Richard Branson hails salt & pepper pots as Virgin Atlantic's secret advertising weapon

Branson flying into Adobe Summit

For his keynote speech at Adobe Summit, Sir Richard Branson chose not to celebrate the traditional and digital marketing successes of his businesses. Instead, he cited reactive PR stunts as the key to cementing Virgin as a brand of ‘experience’.

The entrepreneur, who launched Virgin Atlantic in 1984, described how both his irreverent spirit and scrupulous attention to detail led to the accidental creation of one of the brand’s “best advertising” campaigns.

“I remember that one day my chief accountant was saying: ‘Everyone’s stealing our salt and pepper pots [off the planes]’ – they’re little windmills, people found them very attractive – ‘and it’s costing us, I don’t know, $3m a year’,” Branson regaled.

“So he suggested we take the salt and pepper pots off the airline. But instead of doing that we just wrote under the salt and pepper pots, ‘Pinched from Virgin Atlantic’. We got some of the best advertising we could at everyone’s dinner table.”

The brand went on to build a social media campaign around the stolen shakers, encouraging consumers to post pictures of their swag with the hashtag #pinchedfrom.

While no doubt a slap in the face to the airline’s agencies, the anecdote illustrates how Branson still prizes the opportunistic PR stunts that brought him notoriety in the 80s and 90s. Adobe’s predominantly American audience lapped up further tales from the period, such as the time Virgin hijacked the British Airways London Eye as it failed to lift off the ground.

“Before the internet ... if you were taking on a bigger competitor you had to come up with fun ideas to pull their tail and make sure you got on the front pages, and weren’t a little anecdote on the back,” he said.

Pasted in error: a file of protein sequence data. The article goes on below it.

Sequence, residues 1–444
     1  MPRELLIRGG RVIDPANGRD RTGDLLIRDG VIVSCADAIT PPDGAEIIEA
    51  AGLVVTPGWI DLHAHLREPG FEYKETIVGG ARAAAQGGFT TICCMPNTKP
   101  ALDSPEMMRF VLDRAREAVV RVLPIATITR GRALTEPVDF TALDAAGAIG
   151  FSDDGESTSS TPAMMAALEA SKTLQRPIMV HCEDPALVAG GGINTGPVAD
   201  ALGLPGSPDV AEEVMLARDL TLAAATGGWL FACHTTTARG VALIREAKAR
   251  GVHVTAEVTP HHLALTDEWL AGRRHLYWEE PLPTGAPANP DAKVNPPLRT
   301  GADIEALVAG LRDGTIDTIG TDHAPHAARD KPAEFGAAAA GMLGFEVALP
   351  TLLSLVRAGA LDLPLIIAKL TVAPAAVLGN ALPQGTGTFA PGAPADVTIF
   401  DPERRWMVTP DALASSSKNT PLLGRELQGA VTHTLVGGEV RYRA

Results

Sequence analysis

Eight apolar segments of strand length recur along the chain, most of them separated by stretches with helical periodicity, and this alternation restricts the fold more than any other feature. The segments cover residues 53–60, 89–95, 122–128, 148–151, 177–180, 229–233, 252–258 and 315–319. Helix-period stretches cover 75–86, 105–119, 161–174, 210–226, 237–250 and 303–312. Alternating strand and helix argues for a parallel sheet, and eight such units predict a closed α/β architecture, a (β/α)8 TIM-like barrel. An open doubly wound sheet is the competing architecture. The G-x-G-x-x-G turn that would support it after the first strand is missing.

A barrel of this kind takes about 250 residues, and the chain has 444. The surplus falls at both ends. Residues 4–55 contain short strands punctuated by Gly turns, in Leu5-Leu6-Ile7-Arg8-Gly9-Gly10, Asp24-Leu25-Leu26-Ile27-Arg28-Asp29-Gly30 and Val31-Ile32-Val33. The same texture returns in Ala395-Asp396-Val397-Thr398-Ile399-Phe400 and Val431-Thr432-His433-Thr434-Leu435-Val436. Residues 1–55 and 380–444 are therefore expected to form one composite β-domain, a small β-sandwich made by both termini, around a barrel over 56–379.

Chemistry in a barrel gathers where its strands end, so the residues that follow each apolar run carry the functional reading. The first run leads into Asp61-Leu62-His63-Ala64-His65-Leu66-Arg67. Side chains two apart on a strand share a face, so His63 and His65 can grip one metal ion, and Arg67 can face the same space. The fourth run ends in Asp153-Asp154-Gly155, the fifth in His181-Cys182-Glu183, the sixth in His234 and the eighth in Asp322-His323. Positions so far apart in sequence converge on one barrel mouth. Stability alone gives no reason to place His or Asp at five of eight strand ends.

Branson also attributed the success of Virgin Atlantic – “our curious little airline” – to its attention to detail, a trait that comes direct from the mind of its founder. He explained how still to this day he carries around a notebook in which to jot down comments from passengers and airline staff.

“Frequently taking note of the little things has become one of the keys to our success,” he said. “As a leader, always be a good listener. Never rest on your laurels.”

The mogul added the name ‘Virgin’ implies a certain inexperience, one that he is proud of. In entering new sectors with the brand, he spins naivety as “a clean slate to work with”.

For Branson, it’s “an approach that keeps your mind fresh and an approach that allows you to look at problems differently” – and an approach that’s kept him driving down the notably bumpy road of Virgin Galactic (which, after 14 years, is still to actually enter space.)

“There’s a little lonely car going around at the moment and it’s going to need some company," Branson quipped. “So watch this space over the next few months.”

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